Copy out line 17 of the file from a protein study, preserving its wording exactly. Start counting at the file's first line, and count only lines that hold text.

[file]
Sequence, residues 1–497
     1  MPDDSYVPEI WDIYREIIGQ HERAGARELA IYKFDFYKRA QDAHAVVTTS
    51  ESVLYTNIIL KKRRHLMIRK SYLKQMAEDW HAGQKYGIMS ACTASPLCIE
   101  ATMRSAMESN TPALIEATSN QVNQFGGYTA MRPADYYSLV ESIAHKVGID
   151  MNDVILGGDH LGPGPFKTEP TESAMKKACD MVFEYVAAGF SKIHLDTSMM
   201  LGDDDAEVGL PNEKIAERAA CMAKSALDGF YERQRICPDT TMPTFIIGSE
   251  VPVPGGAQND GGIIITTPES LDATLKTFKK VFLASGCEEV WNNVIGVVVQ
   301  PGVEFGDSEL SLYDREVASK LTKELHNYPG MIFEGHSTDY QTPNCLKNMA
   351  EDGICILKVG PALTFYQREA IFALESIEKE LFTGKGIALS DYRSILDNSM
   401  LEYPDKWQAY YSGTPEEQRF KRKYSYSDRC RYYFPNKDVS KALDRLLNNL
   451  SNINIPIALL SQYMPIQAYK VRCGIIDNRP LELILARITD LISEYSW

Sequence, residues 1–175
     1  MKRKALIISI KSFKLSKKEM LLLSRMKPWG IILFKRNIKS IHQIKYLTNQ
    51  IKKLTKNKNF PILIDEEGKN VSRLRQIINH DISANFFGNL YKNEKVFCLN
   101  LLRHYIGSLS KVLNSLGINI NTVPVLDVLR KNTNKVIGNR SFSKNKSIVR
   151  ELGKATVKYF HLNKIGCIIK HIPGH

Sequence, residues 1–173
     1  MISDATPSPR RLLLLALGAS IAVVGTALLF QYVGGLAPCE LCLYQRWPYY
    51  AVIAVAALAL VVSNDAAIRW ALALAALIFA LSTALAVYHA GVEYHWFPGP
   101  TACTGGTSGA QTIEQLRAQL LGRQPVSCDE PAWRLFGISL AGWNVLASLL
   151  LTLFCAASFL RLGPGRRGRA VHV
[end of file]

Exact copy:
Sequence, residues 1–173